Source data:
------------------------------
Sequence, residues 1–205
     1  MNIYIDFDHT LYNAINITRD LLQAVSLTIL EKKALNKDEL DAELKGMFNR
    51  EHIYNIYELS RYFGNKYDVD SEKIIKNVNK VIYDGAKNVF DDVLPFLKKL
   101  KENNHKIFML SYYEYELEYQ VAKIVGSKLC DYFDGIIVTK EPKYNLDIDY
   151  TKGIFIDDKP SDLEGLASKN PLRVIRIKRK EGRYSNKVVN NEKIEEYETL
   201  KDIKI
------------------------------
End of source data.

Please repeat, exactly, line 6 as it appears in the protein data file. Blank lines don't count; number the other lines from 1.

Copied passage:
   201  KDIKI